Evidence of live birth—as opposed to egg laying—is extremely rare and has only been found in a few fossils of dolphin-like reptiles called ichthyosaurs and marine lizards known as mosasaurs, Long said.
The new fossil captures a long-extinct placoderm, a primitive, shark-like armored fish.
(Related: "Shark Ate Amphibian Ate Fish: First 'Food-Chain Fossil'" [November 8, 2007].)
Dinosaurs of the Sea
Often called the "dinosaurs of the sea," placoderms were the ruling class of marine creatures for 70 million years—in the middle of the Paleozoic period—until their extinction about 360 million years ago.
Paleontologists believe they are the most primitive jawed vertebrates, even predating sharks.
The newfound mother fish measures 10 inches (25 centimeters) long, but other placoderms can grow to 20 feet (6 meters)—"some gargantuan in size," Long said.
Much of the fish's soft tissue has been preserved in a three-dimensional state, making the fossil "basically an exact replica of the living animal," said study co-author Kate Trinajstic, a paleontologist at the University of Western Australia.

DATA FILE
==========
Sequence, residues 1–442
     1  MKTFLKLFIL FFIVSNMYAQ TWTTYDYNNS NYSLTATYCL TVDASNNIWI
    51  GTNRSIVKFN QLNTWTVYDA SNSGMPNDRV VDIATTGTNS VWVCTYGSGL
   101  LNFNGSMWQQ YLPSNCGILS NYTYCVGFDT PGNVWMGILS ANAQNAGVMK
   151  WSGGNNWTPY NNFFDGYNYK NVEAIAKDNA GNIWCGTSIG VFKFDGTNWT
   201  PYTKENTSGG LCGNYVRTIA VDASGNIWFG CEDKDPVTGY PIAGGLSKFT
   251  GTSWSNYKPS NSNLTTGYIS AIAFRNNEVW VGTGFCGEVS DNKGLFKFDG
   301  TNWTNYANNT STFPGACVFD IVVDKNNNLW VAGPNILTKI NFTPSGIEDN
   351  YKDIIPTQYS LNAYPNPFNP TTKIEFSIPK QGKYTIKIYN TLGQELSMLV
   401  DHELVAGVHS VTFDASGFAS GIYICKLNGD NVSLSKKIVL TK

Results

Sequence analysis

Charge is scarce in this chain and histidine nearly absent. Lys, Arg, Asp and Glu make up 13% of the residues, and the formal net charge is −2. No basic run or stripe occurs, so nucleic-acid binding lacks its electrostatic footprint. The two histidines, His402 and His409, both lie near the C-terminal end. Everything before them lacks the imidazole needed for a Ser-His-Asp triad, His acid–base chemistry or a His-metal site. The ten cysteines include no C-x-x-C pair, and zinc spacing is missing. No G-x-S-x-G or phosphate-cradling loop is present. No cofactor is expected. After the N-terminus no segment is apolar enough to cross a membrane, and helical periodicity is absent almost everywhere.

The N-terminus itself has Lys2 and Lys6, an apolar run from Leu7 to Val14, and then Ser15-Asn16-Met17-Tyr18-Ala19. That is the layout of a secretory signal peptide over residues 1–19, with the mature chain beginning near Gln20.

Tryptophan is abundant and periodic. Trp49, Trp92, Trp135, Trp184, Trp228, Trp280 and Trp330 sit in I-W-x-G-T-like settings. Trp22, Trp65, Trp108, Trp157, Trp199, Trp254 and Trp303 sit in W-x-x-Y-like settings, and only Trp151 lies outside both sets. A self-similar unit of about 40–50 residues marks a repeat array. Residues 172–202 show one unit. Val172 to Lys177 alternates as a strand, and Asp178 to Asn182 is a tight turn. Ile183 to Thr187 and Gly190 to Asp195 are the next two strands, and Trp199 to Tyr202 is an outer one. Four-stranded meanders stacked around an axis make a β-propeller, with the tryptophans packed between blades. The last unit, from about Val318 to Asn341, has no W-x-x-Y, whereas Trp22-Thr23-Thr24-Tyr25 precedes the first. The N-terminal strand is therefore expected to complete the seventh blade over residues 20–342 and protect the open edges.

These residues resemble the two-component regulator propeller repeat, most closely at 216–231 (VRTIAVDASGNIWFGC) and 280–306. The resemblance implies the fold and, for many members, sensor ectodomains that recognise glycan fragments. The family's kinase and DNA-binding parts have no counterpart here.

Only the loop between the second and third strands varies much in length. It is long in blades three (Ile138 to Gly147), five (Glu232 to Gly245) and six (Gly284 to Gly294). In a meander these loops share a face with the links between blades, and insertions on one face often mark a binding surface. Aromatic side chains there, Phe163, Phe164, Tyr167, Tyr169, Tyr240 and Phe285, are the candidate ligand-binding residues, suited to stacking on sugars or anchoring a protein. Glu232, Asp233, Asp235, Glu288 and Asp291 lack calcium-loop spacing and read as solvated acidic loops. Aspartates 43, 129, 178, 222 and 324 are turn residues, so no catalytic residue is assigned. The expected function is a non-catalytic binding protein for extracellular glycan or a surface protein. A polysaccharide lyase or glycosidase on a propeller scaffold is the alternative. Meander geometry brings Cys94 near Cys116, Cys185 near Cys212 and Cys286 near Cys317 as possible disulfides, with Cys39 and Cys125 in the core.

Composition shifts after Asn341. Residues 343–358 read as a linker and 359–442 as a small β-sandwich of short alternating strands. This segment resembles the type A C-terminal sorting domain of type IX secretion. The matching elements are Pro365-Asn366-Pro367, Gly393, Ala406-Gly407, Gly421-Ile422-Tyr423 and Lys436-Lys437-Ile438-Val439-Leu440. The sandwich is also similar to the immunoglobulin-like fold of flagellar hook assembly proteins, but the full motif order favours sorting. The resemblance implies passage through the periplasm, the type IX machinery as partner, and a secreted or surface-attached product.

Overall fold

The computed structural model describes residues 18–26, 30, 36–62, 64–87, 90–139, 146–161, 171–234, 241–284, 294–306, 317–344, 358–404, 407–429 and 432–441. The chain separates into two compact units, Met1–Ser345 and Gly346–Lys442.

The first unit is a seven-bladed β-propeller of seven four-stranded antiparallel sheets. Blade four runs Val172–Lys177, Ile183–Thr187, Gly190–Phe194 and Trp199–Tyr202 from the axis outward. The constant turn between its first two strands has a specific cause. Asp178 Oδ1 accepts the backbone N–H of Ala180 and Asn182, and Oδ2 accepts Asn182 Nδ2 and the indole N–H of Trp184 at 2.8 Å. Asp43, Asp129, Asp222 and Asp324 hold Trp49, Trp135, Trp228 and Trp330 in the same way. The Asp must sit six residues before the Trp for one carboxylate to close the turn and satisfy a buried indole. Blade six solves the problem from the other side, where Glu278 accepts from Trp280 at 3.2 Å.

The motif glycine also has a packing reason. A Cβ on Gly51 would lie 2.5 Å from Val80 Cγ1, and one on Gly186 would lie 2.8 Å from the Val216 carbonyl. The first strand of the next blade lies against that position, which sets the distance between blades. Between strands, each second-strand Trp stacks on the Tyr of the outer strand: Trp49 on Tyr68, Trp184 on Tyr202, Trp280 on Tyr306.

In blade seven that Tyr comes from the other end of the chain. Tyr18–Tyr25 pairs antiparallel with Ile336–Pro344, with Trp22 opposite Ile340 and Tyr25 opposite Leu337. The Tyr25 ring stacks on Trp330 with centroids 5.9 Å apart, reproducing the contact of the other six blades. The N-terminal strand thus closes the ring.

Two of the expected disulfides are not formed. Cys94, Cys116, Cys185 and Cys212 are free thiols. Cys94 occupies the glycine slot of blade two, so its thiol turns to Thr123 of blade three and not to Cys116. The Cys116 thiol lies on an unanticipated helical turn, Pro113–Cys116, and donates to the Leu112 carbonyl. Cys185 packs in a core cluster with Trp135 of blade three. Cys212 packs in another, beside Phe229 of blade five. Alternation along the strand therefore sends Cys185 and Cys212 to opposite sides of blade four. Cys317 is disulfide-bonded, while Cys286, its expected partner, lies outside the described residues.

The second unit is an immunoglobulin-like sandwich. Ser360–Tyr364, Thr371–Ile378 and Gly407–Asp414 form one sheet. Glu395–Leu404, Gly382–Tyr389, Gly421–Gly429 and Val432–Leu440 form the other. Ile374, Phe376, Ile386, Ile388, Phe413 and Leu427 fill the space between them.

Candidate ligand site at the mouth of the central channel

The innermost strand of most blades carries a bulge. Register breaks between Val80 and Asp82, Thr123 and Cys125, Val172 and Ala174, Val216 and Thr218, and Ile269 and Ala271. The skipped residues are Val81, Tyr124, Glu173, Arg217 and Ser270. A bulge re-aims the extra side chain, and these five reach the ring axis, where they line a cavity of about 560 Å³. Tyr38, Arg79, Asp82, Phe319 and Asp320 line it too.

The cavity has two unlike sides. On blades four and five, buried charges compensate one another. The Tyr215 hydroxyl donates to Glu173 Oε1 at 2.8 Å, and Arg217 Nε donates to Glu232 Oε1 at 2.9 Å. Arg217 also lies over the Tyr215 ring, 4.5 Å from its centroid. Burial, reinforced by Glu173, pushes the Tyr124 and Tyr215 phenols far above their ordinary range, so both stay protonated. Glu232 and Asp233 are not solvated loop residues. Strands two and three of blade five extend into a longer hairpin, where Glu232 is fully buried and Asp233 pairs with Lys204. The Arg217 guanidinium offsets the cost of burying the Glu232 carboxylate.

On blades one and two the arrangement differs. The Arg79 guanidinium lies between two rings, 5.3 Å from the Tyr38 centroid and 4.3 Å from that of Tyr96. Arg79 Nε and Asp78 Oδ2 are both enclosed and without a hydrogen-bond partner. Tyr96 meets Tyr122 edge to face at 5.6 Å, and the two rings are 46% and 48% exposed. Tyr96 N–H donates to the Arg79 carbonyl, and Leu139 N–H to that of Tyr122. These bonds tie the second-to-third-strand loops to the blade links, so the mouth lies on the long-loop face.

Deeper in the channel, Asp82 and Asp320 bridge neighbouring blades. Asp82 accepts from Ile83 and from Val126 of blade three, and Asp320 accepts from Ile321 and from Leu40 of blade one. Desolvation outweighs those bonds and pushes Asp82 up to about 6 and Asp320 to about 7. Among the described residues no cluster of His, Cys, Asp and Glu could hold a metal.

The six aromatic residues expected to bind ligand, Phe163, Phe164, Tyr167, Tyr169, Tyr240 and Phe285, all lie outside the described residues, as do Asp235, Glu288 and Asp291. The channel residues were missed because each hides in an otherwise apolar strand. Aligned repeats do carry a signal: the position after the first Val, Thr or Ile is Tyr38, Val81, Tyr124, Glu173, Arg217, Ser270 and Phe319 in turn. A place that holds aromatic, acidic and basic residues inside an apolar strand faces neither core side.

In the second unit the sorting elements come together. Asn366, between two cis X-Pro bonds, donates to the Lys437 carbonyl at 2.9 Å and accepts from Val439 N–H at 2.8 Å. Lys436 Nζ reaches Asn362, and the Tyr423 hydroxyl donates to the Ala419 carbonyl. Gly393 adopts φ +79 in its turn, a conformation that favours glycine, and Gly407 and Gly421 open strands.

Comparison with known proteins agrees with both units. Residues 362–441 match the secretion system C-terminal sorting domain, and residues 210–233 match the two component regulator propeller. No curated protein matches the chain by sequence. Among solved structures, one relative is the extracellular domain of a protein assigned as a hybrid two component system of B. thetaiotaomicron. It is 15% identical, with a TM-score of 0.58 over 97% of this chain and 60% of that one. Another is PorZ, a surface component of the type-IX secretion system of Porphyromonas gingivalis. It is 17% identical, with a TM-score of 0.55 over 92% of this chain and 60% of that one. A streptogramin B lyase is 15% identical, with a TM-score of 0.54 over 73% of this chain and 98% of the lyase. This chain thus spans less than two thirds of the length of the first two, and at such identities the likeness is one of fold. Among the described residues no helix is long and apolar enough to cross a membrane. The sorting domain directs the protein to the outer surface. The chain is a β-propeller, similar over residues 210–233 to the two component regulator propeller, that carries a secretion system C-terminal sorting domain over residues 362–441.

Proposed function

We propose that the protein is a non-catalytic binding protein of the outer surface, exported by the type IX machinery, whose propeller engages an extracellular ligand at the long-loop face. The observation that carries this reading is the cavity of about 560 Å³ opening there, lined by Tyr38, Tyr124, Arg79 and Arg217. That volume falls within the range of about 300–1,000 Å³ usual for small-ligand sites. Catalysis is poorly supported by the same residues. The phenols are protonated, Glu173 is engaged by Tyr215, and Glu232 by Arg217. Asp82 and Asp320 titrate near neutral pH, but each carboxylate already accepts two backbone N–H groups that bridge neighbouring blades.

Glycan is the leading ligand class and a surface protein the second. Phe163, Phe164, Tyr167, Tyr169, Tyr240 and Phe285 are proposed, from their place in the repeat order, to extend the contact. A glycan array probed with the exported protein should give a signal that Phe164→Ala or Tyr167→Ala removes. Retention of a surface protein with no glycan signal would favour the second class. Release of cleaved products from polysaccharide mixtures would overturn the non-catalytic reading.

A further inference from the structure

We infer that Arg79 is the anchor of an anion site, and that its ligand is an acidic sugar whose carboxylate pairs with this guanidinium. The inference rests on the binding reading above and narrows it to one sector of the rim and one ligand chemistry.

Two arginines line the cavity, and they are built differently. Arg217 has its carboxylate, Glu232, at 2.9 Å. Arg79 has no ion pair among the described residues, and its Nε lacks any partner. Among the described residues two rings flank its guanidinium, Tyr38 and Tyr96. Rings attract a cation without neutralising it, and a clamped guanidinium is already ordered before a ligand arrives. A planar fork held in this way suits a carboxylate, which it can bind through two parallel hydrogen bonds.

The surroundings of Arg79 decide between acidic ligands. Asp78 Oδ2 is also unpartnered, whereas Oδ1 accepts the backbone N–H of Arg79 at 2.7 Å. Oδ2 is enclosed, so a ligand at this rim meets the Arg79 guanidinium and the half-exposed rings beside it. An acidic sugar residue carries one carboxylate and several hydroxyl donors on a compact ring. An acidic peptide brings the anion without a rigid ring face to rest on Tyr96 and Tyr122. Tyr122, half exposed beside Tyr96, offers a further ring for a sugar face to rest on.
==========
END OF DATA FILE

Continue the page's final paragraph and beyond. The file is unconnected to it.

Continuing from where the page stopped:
"The material was so well preserved that we were able to pick up subtle details," Trinajstic said.
Such details helped the scientists determine that the prehistoric mother and baby are a new species of ptyctodont, a type of placoderm that has plates around the head and neck rather than the extensive body armor of its relatives.
They named the species Materpiscis attenboroughi—a combination of "mother fish" and a nod to world-renowned naturalist Sir David Attenborough.
Attenborough's 1979 TV series Life on Earth first brought to light the scientific value the Gogo area in the Kimberley region of Western Australia.
The area is the site of an ancient barrier reef that once teemed with marine life.
Fossils in the Gogo are so immaculately preserved because the reef became devoid of oxygen, which quickly killed the fish and the scavengers that would otherwise devour them.
Rapid burial and a stable tectonic continent made for near-perfect fossil preservation conditions.
A description of the fossil is published in this week's issue of the journal Nature.
Michael Lee, an evolutionary biologist at the South Australian Museum, was not involved in the new research.